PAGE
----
FP40 is an elite pre-workout supplement that contains scientifically proven ingredients along with the study-suggested dosages. In other words, you’re getting the ingredients that work at the dosages they work best at! Outside of creatine, beta-alanine, and L-arginine, every serving of FP40 is packed with L-citrulline DL malate, taurine, caffeine, and much more.

Get the most out of your time under the heavy iron with FP40.

References

  1. Lorenzetti S, Ostermann M, Zeidler F, et al. How to squat? Effects of various stance widths, foot placement angles and level of experience on knee, hip and trunk motion and loading [published correction appears in BMC Sports Sci Med Rehabil. 2020 Jan 29;12:7]. BMC Sports Sci Med Rehabil. 2018;10:14. Published 2018 Jul 17. doi:10.1186/s13102-018-0103-7.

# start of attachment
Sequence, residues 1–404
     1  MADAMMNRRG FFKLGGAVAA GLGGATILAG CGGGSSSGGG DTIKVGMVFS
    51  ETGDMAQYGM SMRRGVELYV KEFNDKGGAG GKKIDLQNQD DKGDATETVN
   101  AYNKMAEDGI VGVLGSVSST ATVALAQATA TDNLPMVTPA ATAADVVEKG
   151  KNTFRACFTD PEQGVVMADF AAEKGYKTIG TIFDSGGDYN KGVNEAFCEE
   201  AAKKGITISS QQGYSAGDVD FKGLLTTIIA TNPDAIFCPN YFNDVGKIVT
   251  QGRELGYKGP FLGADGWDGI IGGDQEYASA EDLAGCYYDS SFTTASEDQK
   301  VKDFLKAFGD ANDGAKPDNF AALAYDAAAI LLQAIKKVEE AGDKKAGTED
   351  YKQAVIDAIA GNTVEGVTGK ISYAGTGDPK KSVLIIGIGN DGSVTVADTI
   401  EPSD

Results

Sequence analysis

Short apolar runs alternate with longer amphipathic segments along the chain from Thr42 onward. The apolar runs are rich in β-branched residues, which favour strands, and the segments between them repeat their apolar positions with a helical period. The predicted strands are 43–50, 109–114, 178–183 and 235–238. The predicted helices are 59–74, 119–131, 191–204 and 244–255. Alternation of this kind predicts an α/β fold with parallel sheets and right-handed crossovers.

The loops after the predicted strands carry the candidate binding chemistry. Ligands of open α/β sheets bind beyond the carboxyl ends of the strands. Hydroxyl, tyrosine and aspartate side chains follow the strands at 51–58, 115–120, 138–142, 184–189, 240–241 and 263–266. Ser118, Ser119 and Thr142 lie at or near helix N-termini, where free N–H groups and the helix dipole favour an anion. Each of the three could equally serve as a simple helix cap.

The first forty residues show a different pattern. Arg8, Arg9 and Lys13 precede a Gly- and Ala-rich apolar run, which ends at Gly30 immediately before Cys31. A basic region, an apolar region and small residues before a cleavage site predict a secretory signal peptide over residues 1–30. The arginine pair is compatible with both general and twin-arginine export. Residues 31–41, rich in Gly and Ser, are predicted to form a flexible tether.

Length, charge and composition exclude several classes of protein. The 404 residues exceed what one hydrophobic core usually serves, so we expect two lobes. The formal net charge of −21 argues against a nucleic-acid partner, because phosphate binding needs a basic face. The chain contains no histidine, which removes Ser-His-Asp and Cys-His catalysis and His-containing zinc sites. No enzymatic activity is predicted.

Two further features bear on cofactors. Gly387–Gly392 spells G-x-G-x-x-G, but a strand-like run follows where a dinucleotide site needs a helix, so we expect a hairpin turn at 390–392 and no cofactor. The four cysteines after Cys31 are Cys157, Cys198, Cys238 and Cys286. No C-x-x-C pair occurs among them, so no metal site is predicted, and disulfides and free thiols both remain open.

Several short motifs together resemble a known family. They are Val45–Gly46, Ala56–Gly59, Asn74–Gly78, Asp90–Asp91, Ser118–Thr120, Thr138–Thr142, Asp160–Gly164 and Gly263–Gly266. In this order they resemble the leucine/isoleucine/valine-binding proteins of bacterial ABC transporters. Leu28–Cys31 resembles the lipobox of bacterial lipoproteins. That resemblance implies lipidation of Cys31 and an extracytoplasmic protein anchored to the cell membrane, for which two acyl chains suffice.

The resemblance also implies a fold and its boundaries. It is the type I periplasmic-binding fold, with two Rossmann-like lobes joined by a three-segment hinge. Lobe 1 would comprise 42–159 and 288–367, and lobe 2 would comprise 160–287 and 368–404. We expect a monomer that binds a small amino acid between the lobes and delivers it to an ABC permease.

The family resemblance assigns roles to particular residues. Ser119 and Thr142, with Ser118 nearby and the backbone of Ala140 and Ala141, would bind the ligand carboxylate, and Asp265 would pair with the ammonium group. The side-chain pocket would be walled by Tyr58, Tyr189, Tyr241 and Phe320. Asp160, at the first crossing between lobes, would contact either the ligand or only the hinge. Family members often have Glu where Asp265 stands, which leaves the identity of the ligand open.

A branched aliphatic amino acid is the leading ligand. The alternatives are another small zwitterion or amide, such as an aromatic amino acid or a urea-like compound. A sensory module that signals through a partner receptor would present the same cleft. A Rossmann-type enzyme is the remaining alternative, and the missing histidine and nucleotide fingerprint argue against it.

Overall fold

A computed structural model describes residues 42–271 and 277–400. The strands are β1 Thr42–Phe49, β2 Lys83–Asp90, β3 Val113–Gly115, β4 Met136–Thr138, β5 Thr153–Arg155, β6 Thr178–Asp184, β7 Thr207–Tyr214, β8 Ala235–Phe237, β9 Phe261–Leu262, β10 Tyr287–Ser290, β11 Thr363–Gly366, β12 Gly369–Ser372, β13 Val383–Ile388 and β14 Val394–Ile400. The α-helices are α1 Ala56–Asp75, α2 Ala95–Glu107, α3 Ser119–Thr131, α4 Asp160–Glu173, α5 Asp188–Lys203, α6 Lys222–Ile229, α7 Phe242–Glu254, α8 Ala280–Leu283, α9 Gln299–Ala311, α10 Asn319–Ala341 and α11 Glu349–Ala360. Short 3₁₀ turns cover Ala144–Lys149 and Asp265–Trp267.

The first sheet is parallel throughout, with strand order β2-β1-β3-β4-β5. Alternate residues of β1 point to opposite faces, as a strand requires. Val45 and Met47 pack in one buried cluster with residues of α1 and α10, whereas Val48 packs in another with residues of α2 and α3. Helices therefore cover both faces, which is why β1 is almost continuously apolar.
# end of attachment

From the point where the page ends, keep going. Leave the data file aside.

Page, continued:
1. Nigro F, Bartolomei S. A Comparison Between the Squat and the Deadlift for Lower Body Strength and Power Training. J Hum Kinet. 2020;73:145-152. Published 2020 Jul 21. doi:10.2478/hukin-2019-0139
  1. Choe, Kevin H.1,2; Coburn, Jared W.2; Costa, Pablo B.2; Pamukoff, Derek N.2 Hip and Knee Kinetics During a Back Squat and Deadlift, Journal of Strength and Conditioning Research: May 2021 – Volume 35 – Issue 5 – p 1364-1371 doi: 10.1519/JSC.0000000000002908
  1. Saeterbakken AH, van den Tillaar R, Fimland MS. A comparison of muscle activity and 1-RM strength of three chest-press exercises with different stability requirements. J Sports Sci. 2011 Mar;29(5):533-8. doi: 10.1080/02640414.2010.543916. PMID: 21225489.
  1. Hall M, Trojian TH. Creatine supplementation. Curr Sports Med Rep. 2013 Jul-Aug;12(4):240-4. doi: 10.1249/JSR.0b013e31829cdff2. PMID: 23851411.
  1. Hobson RM, Saunders B, Ball G, Harris RC, Sale C. Effects of β-alanine supplementation on exercise performance: a meta-analysis. Amino Acids. 2012 Jul;43(1):25-37. doi: 10.1007/s00726-011-1200-z. Epub 2012 Jan 24. PMID: 22270875; PMCID: PMC3374095.
  1. McConell GK. Effects of L-arginine supplementation on exercise metabolism. Curr Opin Clin Nutr Metab Care. 2007 Jan;10(1):46-51. doi: 10.1097/MCO.0b013e32801162fa. PMID: 17143054.